Flash coming to Android courtesy of BSQUARE


The fine folks at BSQUARE have announced that they’ll be porting Adobe Flash to Google’s Android on behalf of a “global Tier 1 carrier.” Whether or not that implies this “global Tier 1 carrier” will have exclusive access to Flash out of the gate remains to be seen. Details are otherwise very scarce, and it’s unclear how this relates to the demo of Flash Andy Rubin showed off at Adobe MAX last year. However, BSQUARE bought NEC’s Adobe® Flash® Technology Consulting and Distribution business 12 months ago, and has done Android work for other customers, so the expertise should certainly be there — and naturally we wouldn’t expect them to go shouting about this if they didn’t have Adobe and Google’s blessing in one form or another.

Google Mobile App for BlackBerry Allows Search by Voice, My Location


Google Mobile App for BlackBerry now allows users to search using their voices and with Google’s My Location application. Google has been making substantial inroads with its mobile apps, even as a number of mobile device makers gear up to produce Android-based smartphones.


Google Mobile App for BlackBerry now allows users to reduce typing on the Research In Motion smartphones by carrying out mobile Web searches for a location using their voices or the search giant’s My Location application, or both. Continue reading

Sony Ericsson 2010 Phones, Not the Leaked Roadmap Sadly

We wish we could have shown you the Sony Ericsson 2010 leaked phone roadmap, but all we’ve got are a couple of handsets created by the skilled Esato user tob!s. I’m talking about MU 2, T802, G909 and XPERIA X3, the latter being shown on our site a while ago.

Sony Ericsson 2010 Phones, Not the Leaked Roadmap Sadly

Below there’s MU 2, one of the designer’s favorite phone and a pretty hot multimedia device, packing a pretty big touchscreen and hopefully Android OS. T802 features a pretty odd keypad and design, while G909 is something we’ve seen before, but XPERIA X3 is definitely the star of this bunch. Continue reading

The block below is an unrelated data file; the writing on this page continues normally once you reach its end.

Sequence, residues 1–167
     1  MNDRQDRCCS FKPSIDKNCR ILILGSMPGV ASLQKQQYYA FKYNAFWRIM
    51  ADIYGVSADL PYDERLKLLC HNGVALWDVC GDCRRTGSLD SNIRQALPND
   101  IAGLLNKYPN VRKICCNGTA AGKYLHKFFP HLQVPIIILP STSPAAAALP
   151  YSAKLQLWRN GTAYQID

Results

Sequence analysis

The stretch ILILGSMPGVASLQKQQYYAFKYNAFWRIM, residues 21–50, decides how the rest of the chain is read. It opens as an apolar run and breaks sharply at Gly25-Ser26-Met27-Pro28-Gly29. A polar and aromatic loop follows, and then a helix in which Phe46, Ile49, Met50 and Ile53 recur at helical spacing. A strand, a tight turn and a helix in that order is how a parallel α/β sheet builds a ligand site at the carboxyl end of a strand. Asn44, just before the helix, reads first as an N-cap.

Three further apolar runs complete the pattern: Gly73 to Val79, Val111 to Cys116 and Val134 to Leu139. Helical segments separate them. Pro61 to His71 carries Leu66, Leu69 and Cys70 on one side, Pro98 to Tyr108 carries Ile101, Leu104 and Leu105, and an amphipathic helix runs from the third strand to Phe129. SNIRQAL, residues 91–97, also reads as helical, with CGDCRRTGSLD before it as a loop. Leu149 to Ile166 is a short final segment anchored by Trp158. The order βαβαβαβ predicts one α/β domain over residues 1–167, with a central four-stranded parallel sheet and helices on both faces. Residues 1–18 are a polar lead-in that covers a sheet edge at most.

Android leads Linux mobile sales higher


Google’s Android operating system gave Linux-on-mobile sales a healthy boost in the fourth quarter of 2008. In its latest report on the state of smartphones, IT analysts Gartner said that Linux-based mobile sales increased from 2.7 million units in the fourth quarter of 2007 to 3.2 million units at the end of 2008. This was despite a general slowdown in growth for the entire smartphone sector over the same period.

Gartner estimates that HTC’s G1 Android-based mobile smartphone accounted for as much as 20% of Linux sales during the quarter. All told, Linux-on-mobile sales climbed 19.5 percent during the quarter when compared with the corresponding 2007 quarter.

Comparing 2008 with 2007, however, the picture is not as rosy. Linux-based smartphone sales in 2008 were down 4.2 percent over 2007 sales. Sales of Apple’s iPhone in 2008 were a massive 245.7 percent higher than in 2007 and Research in Motion’s Blackberry devices increased sales by 96.7 percent.

At the top of the operating system pile Symbian remained dominant, accounting for 52.4 percent of the smartphone market in 2008. This was, however, down 6.1 percent over 2007 as Symbian also lost ground to Apple’s Mac OS X and RIM. Microsoft’s Windows Mobile managed to increase its sales by 12.2 percent when comparing 2007 and 2008.